Strength From a Stillness Within. Brazilian rubber tapper and environmentalist Chico Mendes died trying to protect the forest he loved
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The forest where Mendes walked with the journalists is in a reserve called Cachoeira. Sixty-seven families live there, including Mendes' aunt and uncle. A cattle rancher named Darly Alves claims part of Cachoeira as his own land. In recent months, Mr. Alves had repeatedly threatened Mendes' life, to the point where the governor of the state assigned him two bodyguards. These guards were in his house when Mendes walked out his back door and was shot. Alves' son Darcy admitted guilt a few days after the murder, but police continued to search for his father. He was found hiding in the forest last week and is now in police custody, pending the investigation of his alleged responsibility for this and other killings.Skip to next paragraph
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The entire world needs the rain forests Mendes died trying to protect. Yet it should be understood that in Brazil, which contains 30 percent of the earth's remaining tropical forests, inequities of land distribution are a major cause of the increasing destruction of these forests. Small farms, half of all rural properties in Brazil, cover only 3 percent of occupied rural land, while large estates, owned by less than 1 percent of the landholders, occupy 43 percent of the land. And an estimated 335 million hectares are being held, unused, for speculative purposes.
A key role in many violent land disputes in Brazil is played by a landowners' association, the Rural Democratic Union (UDR) whose leaders admit to having stockpiled 70,000 weapons. UDR defends large landholdings and cattle ranches against peasants' attempts to implement existing land reform laws. According to Amnesty International, the organization is responsible for the deaths, disappearance, and torture of hundreds of Brazilian peasants, priests, and union leaders. The day after Mendes' murder, the UDR leader in Acre, Joao Branco, left the country and is now reported to be in Paris.
Stephan Schwartzman of the Environmental Defense Fund in Washington says that, judging from the international outrage over Mendes' murder, the Brazilian government may finally take action against UDR. ``This could be the straw that breaks the camel's back,'' he says. ``Maybe this time the people responsible will go to jail, and it may discredit and even dismantle UDR. The final responsibility for this [killing] rests with UDR for promoting an atmosphere of terror in rural Brazil and using violence to stop any kind of agrarian reform.''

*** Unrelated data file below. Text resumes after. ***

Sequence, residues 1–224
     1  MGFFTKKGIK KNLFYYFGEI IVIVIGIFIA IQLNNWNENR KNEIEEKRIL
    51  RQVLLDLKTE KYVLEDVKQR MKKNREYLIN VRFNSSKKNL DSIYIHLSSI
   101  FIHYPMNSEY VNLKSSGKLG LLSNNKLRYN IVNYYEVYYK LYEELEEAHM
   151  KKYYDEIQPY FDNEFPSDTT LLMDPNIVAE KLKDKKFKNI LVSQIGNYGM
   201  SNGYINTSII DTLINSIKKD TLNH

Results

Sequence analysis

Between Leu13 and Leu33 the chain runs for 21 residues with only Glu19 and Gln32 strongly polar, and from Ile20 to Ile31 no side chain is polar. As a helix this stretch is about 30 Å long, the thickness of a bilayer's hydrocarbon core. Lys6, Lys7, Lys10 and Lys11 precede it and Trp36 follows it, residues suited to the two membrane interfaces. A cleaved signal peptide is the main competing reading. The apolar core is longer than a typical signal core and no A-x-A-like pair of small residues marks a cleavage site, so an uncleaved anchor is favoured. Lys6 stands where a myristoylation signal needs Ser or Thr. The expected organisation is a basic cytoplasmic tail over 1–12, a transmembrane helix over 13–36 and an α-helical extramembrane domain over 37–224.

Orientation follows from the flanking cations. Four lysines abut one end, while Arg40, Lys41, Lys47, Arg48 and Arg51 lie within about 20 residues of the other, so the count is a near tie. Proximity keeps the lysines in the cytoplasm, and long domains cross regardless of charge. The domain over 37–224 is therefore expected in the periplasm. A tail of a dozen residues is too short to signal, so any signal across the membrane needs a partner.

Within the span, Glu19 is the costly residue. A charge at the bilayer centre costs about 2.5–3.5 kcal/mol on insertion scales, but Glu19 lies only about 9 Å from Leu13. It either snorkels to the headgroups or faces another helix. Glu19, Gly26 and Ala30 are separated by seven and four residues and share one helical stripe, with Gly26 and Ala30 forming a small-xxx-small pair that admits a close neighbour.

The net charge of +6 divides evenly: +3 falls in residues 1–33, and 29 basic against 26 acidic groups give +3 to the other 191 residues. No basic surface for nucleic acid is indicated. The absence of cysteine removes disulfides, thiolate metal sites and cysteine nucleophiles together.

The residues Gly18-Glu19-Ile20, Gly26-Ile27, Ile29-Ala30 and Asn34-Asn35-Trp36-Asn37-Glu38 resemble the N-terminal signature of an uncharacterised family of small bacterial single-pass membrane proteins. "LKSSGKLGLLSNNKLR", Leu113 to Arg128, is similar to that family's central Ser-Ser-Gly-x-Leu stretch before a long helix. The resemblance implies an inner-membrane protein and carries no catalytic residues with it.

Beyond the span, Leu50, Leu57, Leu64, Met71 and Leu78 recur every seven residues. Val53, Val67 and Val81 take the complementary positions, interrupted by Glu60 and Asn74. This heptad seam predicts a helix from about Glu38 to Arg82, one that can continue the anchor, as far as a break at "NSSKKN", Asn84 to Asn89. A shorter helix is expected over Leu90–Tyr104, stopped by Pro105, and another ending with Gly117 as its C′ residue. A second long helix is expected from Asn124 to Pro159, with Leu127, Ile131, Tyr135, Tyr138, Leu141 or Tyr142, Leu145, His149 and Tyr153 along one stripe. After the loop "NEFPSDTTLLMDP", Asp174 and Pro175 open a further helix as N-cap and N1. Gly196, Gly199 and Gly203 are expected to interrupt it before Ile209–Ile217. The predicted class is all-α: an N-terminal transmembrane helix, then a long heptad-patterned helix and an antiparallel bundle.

When interviewed by phone, Brazilian Vice President Ulysses Guimaraes stated emphatically that ``the government is acting with much determination to punish those responsible [for the murder].'' However, he said just as emphatically that he knows nothing at all about possible UDR involvement with the case.
``Chico Mendes taught the international environmental community something of crucial importance,'' says Schwartzman. ``Environmental protection in the Amazon, and in the developing world in general, can't be separated from social justice for the people who live there. His death is unfortunately the most terrible kind of proof of that fact.''
THE world will always owe a huge debt to Mendes, for his work will continue. Those who knew him can be grateful they did, and treasure him in their memories.
I keep thinking of his tiny son who looks so much like him, beside himself with joy when his father came home at the end of the day. Monitor photographer Neal Menschel remembers a moment in the home of Mendes' uncle, when Mendes said goodbye to his aunt. He picked up her two hands, worn and wrinkled from a lifetime of hard work, gently turned them over, and kissed her upturned palms.